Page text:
Lat­est Newslet­ter — Thema Cen­sus


Parosphromenus Project


Copen­hagen Sep­tem­ber 15th 2016 Newslet­ter nr. 123

Dear Mem­bers of the Parosphromenus Project.

This ‘spe­cial issue’ Newslet­ter has been writ­ten by Helene Schoubye with spe­cial sup­port from Ben­jamin Wilden and Peter Finke.

This Newslet­ter will be ded­i­cated mainly to one impor­tant topic – The half-​yearly Census.

We have cho­sen this topic, because The Cen­sus – Spring and Autumn each year, — is con­sid­ered a very impor­tant activ­ity, and we would like to explain a lit­tle about why it is so impor­tant, — and also add some in depth expla­na­tions regard­ing ‘How to’.

Begin­ning of Census

Cen­sus has been tak­ing place for many years – also before the Parosphromenus Project started as an online activ­ity. In the ‘early’ days it was an impor­tant instru­ment in order to keep know­ing which species were present in pri­vate stocks, and in par­tic­u­lar which species were ‘in dan­ger’ of dis­ap­pear­ing from pri­vate stocks.

It has absolutely been so, that some species has been ‘res­cued’ because of the abil­ity of the Cen­sus to bring atten­tion to any par­tic­u­lar species, — and to act quickly.

The pur­pose of Census

The real­ity of keep­ing Parosphromenus is that it is not char­ac­ter­ized by a great sta­bil­ity. Species that are imported are rare, — and of very dif­fer­ent qual­ity, many times with uncer­tain iden­ti­fi­ca­tion. Imports and com­mer­cial traded fish are a very unsta­ble source, — and once a species is ‘lost’ we can­not expect that this par­tic­u­lar species will ever appear again com­mer­cially. Either because it sim­ply isn’t being caught, or more seri­ously because sud­denly biotopes becomes destroyed, and a par­tic­u­lar species is lost.

There are a few species which are more often in com­mer­cial trade, but there are also many species or forms which are never imported.

Their pres­ence in this project relies only on the fact that we keep an eye on where and how many are present within mem­ber stocks.

There­fore, it is impor­tant in this project, that we keep a very close eye on our stock at all times, — and every fish/​species is impor­tant to register.

This way, we fol­low all the species which are present and when /​if num­bers are get­ting low, we act.

Tak­ing part of course is vol­un­tary, but we would like to stress, that we urge you to take the time and to report your stock, — no mat­ter how small it may be. Some­times we are able to ‘match’ sin­gle males and females this way also.

Often we see the same mem­bers report­ing year after year, but often we think many new mem­bers may not take part for some reason.

We would like to stress, that we would very much like all mem­bers to take part, — and it is not bound by coun­try boarders.

On the con­trary – it also becomes a very good instru­ment in order to see – and show – the growth and the pos­i­tive effect of our Project. It is a way to doc­u­ment that we are estab­lish­ing the Project in many coun­tries now, — such as the United States, UK, East­ern coun­tries etc.

This is an impor­tant pur­pose too.

We actu­ally see the per­sonal and shared inter­est in the Parosphromenus group. Some of you report that they are not keep­ing fishes them­selves. We don´t blame these mem­bers – we need them! They show us their sup­port and inter­est in the project and may help in dif­fer­ent ways.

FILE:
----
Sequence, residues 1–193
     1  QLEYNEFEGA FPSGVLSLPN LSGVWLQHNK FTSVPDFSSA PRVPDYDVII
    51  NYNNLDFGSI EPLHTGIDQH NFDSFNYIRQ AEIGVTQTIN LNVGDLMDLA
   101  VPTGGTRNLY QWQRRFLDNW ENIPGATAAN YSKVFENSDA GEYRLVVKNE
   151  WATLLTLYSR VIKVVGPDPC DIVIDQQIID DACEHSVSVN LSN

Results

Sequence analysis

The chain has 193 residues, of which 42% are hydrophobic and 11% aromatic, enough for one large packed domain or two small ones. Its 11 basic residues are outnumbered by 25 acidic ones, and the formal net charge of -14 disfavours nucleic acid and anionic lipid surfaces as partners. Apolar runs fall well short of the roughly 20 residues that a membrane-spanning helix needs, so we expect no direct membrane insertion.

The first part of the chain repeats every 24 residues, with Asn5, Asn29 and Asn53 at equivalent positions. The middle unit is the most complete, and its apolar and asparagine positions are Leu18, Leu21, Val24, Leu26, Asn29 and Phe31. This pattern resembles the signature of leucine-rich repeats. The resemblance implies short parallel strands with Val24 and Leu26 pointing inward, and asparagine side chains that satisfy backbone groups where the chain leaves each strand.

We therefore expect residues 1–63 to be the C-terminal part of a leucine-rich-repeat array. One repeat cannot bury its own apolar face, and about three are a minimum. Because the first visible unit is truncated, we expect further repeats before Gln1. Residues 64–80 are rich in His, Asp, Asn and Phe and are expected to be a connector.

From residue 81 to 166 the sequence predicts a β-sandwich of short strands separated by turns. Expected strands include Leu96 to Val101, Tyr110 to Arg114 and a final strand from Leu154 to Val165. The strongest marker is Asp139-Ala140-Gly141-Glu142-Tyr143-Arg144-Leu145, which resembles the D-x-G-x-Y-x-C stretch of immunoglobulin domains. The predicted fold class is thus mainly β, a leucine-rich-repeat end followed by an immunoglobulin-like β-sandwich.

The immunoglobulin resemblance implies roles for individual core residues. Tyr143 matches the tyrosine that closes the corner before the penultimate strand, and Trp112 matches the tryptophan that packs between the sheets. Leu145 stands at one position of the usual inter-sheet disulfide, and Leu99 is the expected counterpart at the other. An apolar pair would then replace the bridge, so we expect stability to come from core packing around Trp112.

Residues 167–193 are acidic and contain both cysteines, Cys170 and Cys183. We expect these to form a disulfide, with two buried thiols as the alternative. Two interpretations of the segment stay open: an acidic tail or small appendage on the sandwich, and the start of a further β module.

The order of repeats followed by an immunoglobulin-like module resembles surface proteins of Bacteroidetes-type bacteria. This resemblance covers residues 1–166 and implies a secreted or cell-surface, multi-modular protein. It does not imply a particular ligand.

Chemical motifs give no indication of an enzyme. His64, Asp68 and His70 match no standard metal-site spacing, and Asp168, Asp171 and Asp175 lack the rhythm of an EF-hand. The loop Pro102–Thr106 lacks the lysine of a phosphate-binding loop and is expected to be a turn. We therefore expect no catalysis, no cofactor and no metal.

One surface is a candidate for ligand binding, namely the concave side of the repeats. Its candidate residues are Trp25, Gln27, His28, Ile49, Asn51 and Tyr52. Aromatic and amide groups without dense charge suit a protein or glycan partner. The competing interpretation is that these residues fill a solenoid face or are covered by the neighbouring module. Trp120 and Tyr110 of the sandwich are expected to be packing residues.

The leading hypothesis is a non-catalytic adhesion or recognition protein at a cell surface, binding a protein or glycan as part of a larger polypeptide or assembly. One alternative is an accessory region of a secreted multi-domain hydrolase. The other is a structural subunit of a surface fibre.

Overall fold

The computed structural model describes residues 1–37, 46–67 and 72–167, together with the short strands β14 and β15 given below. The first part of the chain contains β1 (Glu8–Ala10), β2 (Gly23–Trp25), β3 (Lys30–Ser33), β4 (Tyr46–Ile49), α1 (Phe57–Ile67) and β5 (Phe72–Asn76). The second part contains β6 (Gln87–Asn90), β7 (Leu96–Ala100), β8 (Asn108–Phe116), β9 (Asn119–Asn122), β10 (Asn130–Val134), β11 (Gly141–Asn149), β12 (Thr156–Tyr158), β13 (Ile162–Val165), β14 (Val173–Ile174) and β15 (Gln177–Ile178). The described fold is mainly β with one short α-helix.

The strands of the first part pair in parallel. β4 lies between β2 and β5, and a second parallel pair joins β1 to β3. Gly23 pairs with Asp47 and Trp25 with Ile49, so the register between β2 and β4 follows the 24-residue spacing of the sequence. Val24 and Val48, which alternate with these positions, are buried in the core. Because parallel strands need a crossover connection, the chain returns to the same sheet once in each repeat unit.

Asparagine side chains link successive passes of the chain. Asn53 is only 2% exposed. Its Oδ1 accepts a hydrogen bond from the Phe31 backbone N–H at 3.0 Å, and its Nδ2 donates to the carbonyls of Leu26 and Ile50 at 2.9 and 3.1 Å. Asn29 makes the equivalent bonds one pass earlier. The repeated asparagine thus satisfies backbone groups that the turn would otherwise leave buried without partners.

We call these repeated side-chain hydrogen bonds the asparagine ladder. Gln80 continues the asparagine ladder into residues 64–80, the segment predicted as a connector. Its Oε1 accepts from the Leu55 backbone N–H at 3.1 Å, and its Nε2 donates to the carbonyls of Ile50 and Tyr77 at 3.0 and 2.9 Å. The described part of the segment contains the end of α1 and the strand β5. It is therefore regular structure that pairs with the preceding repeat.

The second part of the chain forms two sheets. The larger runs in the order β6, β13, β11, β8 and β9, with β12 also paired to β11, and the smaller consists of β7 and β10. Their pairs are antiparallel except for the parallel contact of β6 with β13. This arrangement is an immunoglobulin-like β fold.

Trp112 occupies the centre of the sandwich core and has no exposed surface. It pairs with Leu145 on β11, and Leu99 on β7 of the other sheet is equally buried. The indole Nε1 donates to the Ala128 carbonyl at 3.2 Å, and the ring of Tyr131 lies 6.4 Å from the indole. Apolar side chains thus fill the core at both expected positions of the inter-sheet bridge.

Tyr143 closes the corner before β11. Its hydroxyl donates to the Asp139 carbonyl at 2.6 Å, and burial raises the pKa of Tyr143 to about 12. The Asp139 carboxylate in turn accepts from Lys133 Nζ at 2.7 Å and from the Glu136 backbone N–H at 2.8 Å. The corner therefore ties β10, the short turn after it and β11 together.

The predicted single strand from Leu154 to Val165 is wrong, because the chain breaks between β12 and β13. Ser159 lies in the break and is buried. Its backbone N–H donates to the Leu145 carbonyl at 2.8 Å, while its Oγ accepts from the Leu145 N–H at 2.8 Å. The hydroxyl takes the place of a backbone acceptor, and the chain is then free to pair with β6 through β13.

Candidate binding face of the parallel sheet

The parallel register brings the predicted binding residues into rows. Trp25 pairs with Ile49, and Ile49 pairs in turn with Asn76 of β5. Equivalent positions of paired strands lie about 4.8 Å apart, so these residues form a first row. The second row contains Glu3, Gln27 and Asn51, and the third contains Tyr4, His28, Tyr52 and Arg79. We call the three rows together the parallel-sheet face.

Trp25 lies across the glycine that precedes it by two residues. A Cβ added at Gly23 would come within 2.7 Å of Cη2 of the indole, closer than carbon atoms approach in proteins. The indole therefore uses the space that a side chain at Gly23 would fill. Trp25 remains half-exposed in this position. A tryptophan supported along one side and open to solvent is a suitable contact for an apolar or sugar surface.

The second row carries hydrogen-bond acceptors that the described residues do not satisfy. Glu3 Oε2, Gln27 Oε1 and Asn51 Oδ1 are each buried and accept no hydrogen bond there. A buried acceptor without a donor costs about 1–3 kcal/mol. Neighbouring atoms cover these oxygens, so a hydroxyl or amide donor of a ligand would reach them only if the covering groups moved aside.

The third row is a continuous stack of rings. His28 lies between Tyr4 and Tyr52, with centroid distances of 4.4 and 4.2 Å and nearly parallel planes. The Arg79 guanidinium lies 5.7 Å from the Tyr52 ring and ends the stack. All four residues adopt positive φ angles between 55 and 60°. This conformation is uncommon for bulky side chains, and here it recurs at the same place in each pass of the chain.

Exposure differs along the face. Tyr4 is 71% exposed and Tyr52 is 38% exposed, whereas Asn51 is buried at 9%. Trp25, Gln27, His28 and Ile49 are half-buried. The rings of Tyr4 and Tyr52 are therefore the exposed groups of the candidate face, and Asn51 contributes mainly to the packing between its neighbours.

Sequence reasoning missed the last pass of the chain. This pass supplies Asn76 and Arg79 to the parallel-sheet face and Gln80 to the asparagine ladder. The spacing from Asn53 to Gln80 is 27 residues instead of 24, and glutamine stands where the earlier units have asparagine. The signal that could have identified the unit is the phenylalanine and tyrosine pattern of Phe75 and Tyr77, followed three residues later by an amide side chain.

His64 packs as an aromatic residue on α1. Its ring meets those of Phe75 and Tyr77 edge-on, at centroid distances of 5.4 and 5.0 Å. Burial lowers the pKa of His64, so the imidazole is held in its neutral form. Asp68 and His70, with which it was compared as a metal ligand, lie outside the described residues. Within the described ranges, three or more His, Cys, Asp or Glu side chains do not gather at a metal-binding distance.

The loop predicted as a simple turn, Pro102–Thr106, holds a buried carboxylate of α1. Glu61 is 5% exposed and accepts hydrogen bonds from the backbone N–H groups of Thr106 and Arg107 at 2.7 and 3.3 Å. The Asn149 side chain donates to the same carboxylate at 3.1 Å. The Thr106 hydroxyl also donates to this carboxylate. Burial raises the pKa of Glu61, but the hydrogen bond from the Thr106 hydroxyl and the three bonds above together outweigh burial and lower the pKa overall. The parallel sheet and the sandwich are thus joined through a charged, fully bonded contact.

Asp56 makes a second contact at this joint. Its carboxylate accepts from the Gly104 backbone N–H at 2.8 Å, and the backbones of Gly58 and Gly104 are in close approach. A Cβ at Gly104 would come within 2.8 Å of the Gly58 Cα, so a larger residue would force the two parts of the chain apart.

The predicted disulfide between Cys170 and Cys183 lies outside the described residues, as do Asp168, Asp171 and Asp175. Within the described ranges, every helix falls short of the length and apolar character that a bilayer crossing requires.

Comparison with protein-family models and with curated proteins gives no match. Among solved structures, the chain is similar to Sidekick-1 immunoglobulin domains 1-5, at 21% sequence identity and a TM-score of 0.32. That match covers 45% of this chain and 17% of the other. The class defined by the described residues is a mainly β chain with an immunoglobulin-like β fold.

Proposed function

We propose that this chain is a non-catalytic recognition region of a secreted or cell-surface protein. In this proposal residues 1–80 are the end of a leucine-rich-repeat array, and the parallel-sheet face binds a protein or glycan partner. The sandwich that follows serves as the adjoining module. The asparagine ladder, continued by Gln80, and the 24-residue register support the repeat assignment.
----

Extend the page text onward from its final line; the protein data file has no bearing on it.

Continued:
Also you might argue that you reported you stock last time and noth­ing has changed. Well exactly this is the infor­ma­tion we want. It rep­re­sents a sta­bile stock. What­ever is said about the neces­sity of breed­ing, every stock that did not decrease is good news. Of course we all like a lot of reported off­spring, but since we want to mon­i­tor a rep­re­sen­ta­tive stock of our project, we value every sin­gle report, no mat­ter that is reported.

How to :

We always remind you, — each April, and each Octo­ber, and instruc­tions are writ­ten on the homepage.

What is impor­tant to note is :

1. num­ber of males, num­ber of females and num­ber of fish that hasn’t yet been deter­mined (this can be fry, or it can be young with which are not yet show­ing sex identity)

2. Ori­gin: Please note in any case where do you got the fish from. If it is wild caught, tell us the place of its occur­rence (loca­tion). These fish are of spe­cial value; in the long run we try to build a stock exclu­sively form them. But mostly it’s from the aquar­ium trade; then say “trade”, or note the importer and date. If it’s from a known breeder, tell us the name of the breeder.

3. Iden­ti­fi­ca­tion: Iden­ti­fi­ca­tion is a great prob­lem, espe­cially with the less well known species. Exam­ples: trade fish reported to be e.g. P. “gunawani” or more often P. “deiss­neri”. Please, put these fish in “quo­ta­tion marks” if you doubt the iden­ti­fi­ca­tion your­self. Maybe, we do it with some reports if the iden­ti­fi­ca­tion is doubt­ful to us. Species like rub­ri­mon­tis and tweed­iei are some­times sold in the trade, but the iden­ti­fi­ca­tion is often doubt­ful. Use the quo­ta­tion marks to indi­cate your unease.

4. Other mat­ters: Tell us with short words what you miss, sug­gest or expect in the cen­sus. But mind: The thing must remain easy to han­dle. We can­not strive at the per­fect result.

With this ‘spe­cial issue’ con­cern­ing Cen­sus, we hope that many of you will take the time and par­tic­i­pate in the upcom­ing Octo­ber Cen­sus which will begin here on Octo­ber 1. and fin­ish Novem­ber 1. 2016

Many kind regards on behalf of the Parosphromenus Project, -

Helene Schoubye

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